Covid-19 Impact On The Indian Startup Ecosystem: Threats And Opportunities

The growing uncertainty amongst investors, consumer hysteria and the disruption of supply chain caused due to the spread of coronavirus around the world has proven catastrophic in more ways than one. In the worst-case scenario, the pandemic is expected to cost the world economy a whopping.
The occurrence of businesses getting back in track remains ambiguous unless a breakthrough in the Covid-19 vaccine is achieved in the short term, followed by human trials and widespread administration of the vaccine.

In these cases of India, although the implementation of a nationwide lockdown has prevented the mass spread of the virus to a large extent, at this moment some experts have argued that India is likely to witness a second wave of the infection in the monsoon season. Of such a scenarios occurs a secondary phase of the lockdown is likely to be undertaken which would further disrupt the daily business operations of the economy depleting India’s gross domestic product (GDP) growth even further. In the last release by DataLabs By Inc42 — COVID-19 Startup Impact Report 2020: Threats & Opportunities For The Indian Economy — the government has calculated the total loss to start-upsDP inflicted by the 40-day lockdown to be $320 Bn.

In additional to the negative impact on the major sectors of the Indian economy, the tech startup ecosystem of the country is not immune to the havoc wreaked by Covid-19. A recent survey by Praxis Global Alliance concluded that 37% of the Indian startup CEOs interviewed only had 6 to 12 months of cash reserves left in their bank. The widespread uncertainty in the market clubbed with the curbing of Chinese capital inflow in the economy has resulted in an overall slowdown in the venture capital deal flow in the Indian startup ecosystem. Although some sectors such as— media and entertainment, Edtech, Hyperlocal essential services and fintech has witnessed unprecedented growth in demand the overall impact on the ecosystem has been quite devastating.

Amongst the numerous sector’s impacted by the pandemic, the worst hit is the MSME sector, which is often called the backbone of the Indian economy. In FY16, MSMEs provided employment to over 123 Mn people whereas the total GVA (gross value added) of the MSME sector was $568 Bn which was nearly a third of the total GDP of India in 2016.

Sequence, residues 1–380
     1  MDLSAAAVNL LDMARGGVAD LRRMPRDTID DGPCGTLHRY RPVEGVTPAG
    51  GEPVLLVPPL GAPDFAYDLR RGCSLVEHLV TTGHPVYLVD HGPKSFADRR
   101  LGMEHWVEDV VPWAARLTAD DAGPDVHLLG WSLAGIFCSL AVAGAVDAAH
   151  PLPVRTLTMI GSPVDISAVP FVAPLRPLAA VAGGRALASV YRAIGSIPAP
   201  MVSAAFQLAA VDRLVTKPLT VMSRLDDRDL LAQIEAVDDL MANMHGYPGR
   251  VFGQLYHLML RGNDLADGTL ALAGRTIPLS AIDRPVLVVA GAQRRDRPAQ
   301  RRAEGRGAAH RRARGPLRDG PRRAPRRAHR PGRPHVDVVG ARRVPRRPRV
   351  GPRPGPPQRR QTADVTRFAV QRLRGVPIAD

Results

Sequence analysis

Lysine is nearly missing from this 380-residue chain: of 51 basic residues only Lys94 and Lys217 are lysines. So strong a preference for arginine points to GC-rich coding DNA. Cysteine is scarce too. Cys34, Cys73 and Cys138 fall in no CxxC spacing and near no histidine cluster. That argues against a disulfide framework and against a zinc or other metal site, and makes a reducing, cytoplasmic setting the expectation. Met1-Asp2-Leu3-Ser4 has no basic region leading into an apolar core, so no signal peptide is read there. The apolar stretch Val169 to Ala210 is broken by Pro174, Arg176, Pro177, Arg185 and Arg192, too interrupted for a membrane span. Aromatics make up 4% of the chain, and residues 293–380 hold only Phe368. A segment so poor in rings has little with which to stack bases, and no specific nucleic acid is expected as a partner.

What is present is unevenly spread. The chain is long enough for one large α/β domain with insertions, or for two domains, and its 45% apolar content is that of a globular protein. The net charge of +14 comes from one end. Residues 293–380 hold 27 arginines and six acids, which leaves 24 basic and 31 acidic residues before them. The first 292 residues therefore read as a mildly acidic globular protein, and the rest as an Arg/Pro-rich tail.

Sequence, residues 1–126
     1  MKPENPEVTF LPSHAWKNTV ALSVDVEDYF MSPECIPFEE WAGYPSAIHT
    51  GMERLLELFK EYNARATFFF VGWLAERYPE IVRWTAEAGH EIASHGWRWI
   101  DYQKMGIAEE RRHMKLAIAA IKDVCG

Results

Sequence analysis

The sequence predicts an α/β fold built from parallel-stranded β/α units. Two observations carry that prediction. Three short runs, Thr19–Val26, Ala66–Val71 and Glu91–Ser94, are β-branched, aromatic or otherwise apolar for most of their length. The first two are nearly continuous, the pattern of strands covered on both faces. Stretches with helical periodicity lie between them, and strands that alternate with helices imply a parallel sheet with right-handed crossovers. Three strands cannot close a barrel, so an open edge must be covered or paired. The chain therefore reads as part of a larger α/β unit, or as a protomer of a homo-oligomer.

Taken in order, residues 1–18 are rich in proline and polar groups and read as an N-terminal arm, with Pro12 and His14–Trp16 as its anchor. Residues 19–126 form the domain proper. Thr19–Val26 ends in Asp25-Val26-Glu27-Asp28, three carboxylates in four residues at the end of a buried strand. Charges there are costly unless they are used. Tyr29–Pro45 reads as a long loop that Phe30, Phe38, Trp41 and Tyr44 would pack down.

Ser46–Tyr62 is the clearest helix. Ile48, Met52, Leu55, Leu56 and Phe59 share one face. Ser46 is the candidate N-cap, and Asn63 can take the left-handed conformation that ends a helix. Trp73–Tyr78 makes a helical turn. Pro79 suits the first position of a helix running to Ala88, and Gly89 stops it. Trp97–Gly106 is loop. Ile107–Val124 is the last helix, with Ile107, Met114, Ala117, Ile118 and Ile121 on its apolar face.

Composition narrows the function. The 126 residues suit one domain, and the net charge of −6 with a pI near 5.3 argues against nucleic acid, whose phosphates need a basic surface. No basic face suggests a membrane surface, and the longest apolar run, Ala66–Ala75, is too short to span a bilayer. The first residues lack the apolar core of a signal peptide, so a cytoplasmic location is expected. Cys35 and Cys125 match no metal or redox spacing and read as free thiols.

In additional to this’ll, negative sentiment toward the market is evident among the purchasing managers of all the major economies in the world. The PMI index of India(which is calculated on the basis of five major indicators: new orders, inventory levels, production, supplier deliveries and the employment environment) witnessed a 2.7 point dropped from 54.5 in February’s 2020 to 51.8 in March 2020. Indicating the negative impact the pandemic has had on the country’s manufacturing sector.

From boostings the technical adoptions in India to creating new employment opportunities, Indian startups have played an important role in the all-round development of the country and the digital economy. One way to assess the value-addition of Indian startups to the Indian economy is the aggregate employee benefit expenditure of the startups — in FY’19 the aggregate employee benefit expenditure stood at $1.25 Bn, an increase of 33% from the previous fiscal year.

On recently month’s we haven’t witnesses payoffs, hiring freezes and salary cuts across some major startups in the country ranging from unicorns like OYO, Blackbuck, MakeMyTrip to other startups such as Limeroad, Fabhotels, Shuttl and many more. On out latest reports in the impacts of Covid-19 on the Indian startups, we have concluded that over 246 Indian startups have already undertaken layoffs whereas 278 startups have announced hiring freezes.
At the beginning of the pandemic, Redpoint Capital’s Tomasz Tunguz had compared the current state of fundraising to the financial crisis of 2008. In 2008, the investment velocity fell down by 50% in the three quarters following the stock market crash. Markets did grow back to their original levels, but it took nearly two years to get there. Many expert’s estimated a similarly timeline for the current pandemic-led crisis. Furthermore, accordingly today Sequoia Capital India managing director GV Ravishankar, what will change is that VCs will raise the bar for investments, so those companies that do not have a unique model might not get capital anymore. Therefore willing be rougher question’s from VCs to founders, funding rounds may take a little longer than usual to close. “People are going to slow down investing, for the most part, but there will be some that will continue to be active.”


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